The Church exists both as an inclusive fellowship and as local congregations gathered for worship and Christian service. Congregations find their fulfillment in the universal community of the Church, and the universal Church exists in and through congregations. This church, therefore, derives its character and powers both from the sanction and representation of its congregations and from its inherent nature as an expression of the broader fellowship of the faithful. In length, it acknowledges itself to be in the historic continuity of the communion of saints; in breadth, it expresses the fellowship of believers and congregations in our day.
Daniel Alexander Payne recognized the importance of orderly church leadership by learned clergy and other rostered leaders who understand we are never “free agents” who go it alone. Rather, we lean on each other and the laity for collegial support, and sometimes correction that will enable us to flourish and keep us from going astray.
Education: Pastor, poet, prophet to the president—these and many other appellations apply to Daniel Payne. But above all he is remembered and revered as an educator. When a small faltering institution in Ohio was near bankruptcy and up for sale, Payne seized the moment and purchased Wilberforce University, launching it to become a powerhouse institution. He recognized the value of lifelong learning, which we trust you too have come to embrace. In the last gathering of the senior spring Integrative Seminar, the Rev. Keith Hayward shared that when he announced his plans to come to seminary, some of his friends and colleagues discouraged him. “You’ll lose your fire if you subject yourself to a seminary,” they warned Keith. Now at the end of his years at this school, brother Hayward reflected: “What happened here instead,” he said with some emotion, “is that you ordered my fire.” “You ordered my fire.” If it is stewarded wisely, education does not diminish enthusiasm or passion, but orders and disciplines our passions so that they are directed in focused directions and powerful ways.
Ecumenical: Again, flowing from his understanding of the Gospel and church, i.e. from his evangelicalism, ecclesiology and commitment to education, D.A. Payne was a thorough-going ecumenist. Perhaps he learned at least a bit of that as well in his brief sojourn at Gettysburg. The biography of our founder, and Payne primary preceptor, Samuel Simon Schmucker is entitled “Pioneer in Christian Unity.” Schmucker got himself in a whole lot of controversy with fellow Lutherans who thought he compromised too much of what it meant to be a true, pure Lutheran. But Payne clearly recognized that the Gospel is to be found in churches of all denominations, and that as Christians work together and focus on what unites rather than those things that divide us, God will be pleased and the world will be better served. This class has been a particularly ecumenical one, and we express a special word of thanks to you for sharing the richness of your various traditions. We also beg forgiveness from some of you for those times when we have failed in our hospitality and been insensitive as an institution.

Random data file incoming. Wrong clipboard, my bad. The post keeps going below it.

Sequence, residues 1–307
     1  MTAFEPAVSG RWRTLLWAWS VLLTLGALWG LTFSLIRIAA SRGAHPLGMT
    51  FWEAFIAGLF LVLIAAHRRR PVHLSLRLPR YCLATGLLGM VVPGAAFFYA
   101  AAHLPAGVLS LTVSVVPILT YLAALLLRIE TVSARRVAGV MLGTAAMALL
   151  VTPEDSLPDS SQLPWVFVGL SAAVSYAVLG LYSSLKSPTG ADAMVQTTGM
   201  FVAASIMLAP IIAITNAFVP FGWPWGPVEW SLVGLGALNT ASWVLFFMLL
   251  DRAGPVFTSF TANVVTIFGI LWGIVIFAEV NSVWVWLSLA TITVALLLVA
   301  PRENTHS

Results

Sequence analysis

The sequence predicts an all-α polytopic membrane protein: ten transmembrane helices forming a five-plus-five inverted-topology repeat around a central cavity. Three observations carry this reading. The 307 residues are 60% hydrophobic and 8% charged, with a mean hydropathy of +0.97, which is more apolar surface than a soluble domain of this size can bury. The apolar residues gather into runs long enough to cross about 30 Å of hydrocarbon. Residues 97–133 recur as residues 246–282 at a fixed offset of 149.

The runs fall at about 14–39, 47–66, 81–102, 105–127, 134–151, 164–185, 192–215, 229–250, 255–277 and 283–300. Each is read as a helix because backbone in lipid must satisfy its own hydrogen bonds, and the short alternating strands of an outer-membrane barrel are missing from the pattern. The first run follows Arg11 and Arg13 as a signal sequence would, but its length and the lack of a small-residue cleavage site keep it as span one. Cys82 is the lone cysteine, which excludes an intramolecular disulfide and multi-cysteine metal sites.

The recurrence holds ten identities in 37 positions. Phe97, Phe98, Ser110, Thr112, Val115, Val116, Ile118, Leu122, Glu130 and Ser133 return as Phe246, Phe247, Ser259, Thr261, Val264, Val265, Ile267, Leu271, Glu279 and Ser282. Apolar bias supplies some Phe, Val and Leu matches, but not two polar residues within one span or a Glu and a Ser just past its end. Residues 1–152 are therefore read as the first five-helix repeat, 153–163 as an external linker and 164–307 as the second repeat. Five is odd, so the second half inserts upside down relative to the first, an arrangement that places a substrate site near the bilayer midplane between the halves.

Emancipation: Another e-word to describe Payne’s convictions and impact. As already mentioned, he met with the one called the Great Emancipator, Abraham Lincoln, and may have helped the president do what Lincoln became convinced was simply the right thing. Through education, Payne’s life and legacy have liberated thousands upon thousands from lives of ignorance and liberated them into full lives of leadership and lasting contributions.
Ethics: A final word to describe this great saint of the Church and leader among women and men of his time and every time is ethics. What does the Gospel mean as we seek to live it out? Impeccable in his own ethical conduct, Payne was a model for others in his time and in our own. In the end, he never ceased to strive for that which he espoused in that little poem penned during the time of crisis following the closing of his school in South Carolina:
“A useful life by sacred wisdom crowned, Is all I ask, let weal and woe abound!”
In summarizing the life of Daniel Alexander Payne, let it finally be said that there was a kind of electrical energy of the Spirit pulsing throughout the life span of this saintly man of enormous eloquence and elegance. He aspired to live a useful life. In the end it was far more. It was an elegant evangelical life. May you—the Gettysburg Seminary class of 2011—step into the future confident that you are capable of, indeed, you are called to the same!